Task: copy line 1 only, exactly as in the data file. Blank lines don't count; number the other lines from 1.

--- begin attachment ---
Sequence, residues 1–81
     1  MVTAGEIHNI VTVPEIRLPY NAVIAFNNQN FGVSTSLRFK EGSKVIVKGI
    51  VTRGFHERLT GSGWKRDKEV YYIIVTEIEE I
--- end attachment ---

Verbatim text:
Sequence, residues 1–81